Following his installation in Sioux City on June 18, 1902, Bishop Garrigan named the former St. Mary’s Church in Sioux City as the Cathedral Church of the Diocese. With permission from the Holy See he renamed this church the Cathedral of the Epiphany. Bishop Garrigan carried on an extensive visitation of all the parishes of the diocese. When his health declined toward the end of 1918 he asked Pope Benedict XV for an Auxiliary or a Coadjutor Bishop; the Pope appointed Irishman Edmond Heelan as Auxiliary Bishop, ordained a priest for the Archdiocese of Dubuque, then serving as pastor of Sacred Heart Church, Fort Dodge. Following his consecration Bishop Heelan was named pastor of the Cathedral of the Epiphany and after the death of Bishop Garrigan Oct. 14, 1919, Bishop Heelan was appointed as the second Bishop of Sioux City.

During Bishop Heelan’s nearly 30 years as Ordinary of the Diocese, there was a time of economic depression, beginning with the breakdown of the farm economy in the 1920s, and continuing through the worldwide Great Depression of the 1930s. His tenure included the period of World War II. During this time Catholic education was extended in the diocese, and legislation was enacted by three Diocesan Synods.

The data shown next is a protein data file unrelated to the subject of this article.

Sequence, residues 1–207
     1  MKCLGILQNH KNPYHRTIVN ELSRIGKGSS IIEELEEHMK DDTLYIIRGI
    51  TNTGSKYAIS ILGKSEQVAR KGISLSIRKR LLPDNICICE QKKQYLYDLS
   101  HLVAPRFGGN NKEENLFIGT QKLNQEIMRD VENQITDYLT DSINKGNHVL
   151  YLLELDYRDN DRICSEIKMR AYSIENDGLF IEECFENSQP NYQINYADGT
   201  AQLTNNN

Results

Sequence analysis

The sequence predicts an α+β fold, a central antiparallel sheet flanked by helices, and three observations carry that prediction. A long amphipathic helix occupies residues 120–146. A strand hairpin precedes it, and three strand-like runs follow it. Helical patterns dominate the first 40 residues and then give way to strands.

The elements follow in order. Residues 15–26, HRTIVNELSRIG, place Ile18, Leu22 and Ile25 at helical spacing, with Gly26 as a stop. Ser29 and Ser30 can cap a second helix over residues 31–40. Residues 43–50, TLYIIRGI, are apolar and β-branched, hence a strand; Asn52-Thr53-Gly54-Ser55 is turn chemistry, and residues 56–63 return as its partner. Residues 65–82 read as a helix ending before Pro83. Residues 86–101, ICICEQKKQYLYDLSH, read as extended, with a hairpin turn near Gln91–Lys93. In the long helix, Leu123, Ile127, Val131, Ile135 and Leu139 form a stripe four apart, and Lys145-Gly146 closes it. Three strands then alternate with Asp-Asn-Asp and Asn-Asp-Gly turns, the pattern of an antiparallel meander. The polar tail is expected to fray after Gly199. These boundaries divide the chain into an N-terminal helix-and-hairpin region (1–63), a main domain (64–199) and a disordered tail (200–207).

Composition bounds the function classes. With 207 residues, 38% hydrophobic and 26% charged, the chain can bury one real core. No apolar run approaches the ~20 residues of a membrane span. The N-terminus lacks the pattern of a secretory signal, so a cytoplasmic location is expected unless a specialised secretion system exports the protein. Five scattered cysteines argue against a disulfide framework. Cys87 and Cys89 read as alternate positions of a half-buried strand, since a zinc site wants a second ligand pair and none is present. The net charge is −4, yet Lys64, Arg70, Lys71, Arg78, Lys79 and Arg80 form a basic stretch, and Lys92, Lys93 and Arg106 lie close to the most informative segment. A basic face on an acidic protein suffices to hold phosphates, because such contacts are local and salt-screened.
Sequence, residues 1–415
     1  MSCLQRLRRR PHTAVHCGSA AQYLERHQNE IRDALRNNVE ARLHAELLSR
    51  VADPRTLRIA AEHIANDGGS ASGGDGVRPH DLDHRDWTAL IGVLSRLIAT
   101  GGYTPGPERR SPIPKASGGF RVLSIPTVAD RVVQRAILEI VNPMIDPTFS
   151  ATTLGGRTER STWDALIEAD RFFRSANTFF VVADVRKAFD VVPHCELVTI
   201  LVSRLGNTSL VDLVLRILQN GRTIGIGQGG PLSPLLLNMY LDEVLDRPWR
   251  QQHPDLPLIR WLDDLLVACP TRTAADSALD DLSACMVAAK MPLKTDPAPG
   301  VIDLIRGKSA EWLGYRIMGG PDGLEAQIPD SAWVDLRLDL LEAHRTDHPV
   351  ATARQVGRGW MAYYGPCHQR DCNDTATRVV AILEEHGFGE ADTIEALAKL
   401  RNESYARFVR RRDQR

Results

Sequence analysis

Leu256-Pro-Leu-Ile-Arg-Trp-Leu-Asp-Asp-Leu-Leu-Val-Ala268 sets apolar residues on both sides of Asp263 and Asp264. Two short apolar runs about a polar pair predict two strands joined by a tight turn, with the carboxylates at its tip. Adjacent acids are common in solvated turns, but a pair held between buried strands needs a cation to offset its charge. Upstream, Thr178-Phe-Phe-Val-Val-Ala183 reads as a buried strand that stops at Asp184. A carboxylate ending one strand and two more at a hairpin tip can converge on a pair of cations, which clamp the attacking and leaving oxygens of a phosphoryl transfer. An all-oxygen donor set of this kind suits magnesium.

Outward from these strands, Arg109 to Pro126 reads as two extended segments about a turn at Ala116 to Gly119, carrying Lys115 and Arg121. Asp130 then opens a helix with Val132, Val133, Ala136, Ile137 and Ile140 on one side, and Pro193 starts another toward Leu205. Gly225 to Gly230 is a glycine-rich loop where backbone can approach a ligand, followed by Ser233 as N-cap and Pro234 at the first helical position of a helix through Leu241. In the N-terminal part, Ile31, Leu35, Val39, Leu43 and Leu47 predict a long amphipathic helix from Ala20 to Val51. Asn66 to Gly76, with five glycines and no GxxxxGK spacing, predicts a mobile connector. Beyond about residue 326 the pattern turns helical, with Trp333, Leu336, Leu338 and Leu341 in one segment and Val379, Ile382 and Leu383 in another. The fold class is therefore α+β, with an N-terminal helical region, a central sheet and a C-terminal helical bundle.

In 1946 Bishop Heelan reported to Pope Pius XII that his health was failing. The Pope then sent Bishop Thomas L. Noa of Grand Rapids, Michigan, to be Coadjutor Bishop of Sioux City with the right of succession. One year later when the Diocese of Marquette, Michigan, became vacant, Bishop Noa was transferred to that Diocese and the Pope appointed Bishop Joseph M. Mueller of the Diocese of Belleville, Illinois, to be Coadjutor with the right of succession. From the time of Bishop Heelan’s death, September 20, 1948, until Bishop Mueller’s retirement Dec. 8, 1970, Bishop Mueller carried out a program of expansion of diocesan activities. New schools, churches and other parish facilities were built, and existing schools were consolidated, increasing their capacity. Bishop Mueller died Aug. 9, 1981.

Upon the resignation of Bishop Mueller from active duty in December 1970, Pope Paul VI appointed as his successor Frank H. Greteman, who had served for more than five years as Auxiliary Bishop, and was the first native priest of the Diocese of Sioux City to be named a Bishop. He died March 21, 1987. During his episcopate the Catholic schools in the diocese were maintained and increased enrollment.